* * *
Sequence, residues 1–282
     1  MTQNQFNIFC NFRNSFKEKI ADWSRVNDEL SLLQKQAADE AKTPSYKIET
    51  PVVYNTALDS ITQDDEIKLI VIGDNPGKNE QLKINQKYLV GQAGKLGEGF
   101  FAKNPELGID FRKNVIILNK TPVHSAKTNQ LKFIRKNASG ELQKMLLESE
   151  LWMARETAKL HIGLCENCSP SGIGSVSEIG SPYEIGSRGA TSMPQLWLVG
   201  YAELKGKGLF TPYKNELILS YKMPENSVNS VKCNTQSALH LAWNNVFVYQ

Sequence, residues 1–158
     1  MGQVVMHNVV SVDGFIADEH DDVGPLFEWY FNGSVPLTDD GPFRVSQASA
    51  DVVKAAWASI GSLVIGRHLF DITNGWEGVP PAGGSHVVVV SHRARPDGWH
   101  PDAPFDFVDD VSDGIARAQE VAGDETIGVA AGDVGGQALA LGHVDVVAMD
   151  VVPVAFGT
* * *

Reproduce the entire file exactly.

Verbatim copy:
Sequence, residues 1–282
     1  MTQNQFNIFC NFRNSFKEKI ADWSRVNDEL SLLQKQAADE AKTPSYKIET
    51  PVVYNTALDS ITQDDEIKLI VIGDNPGKNE QLKINQKYLV GQAGKLGEGF
   101  FAKNPELGID FRKNVIILNK TPVHSAKTNQ LKFIRKNASG ELQKMLLESE
   151  LWMARETAKL HIGLCENCSP SGIGSVSEIG SPYEIGSRGA TSMPQLWLVG
   201  YAELKGKGLF TPYKNELILS YKMPENSVNS VKCNTQSALH LAWNNVFVYQ

Sequence, residues 1–158
     1  MGQVVMHNVV SVDGFIADEH DDVGPLFEWY FNGSVPLTDD GPFRVSQASA
    51  DVVKAAWASI GSLVIGRHLF DITNGWEGVP PAGGSHVVVV SHRARPDGWH
   101  PDAPFDFVDD VSDGIARAQE VAGDETIGVA AGDVGGQALA LGHVDVVAMD
   151  VVPVAFGT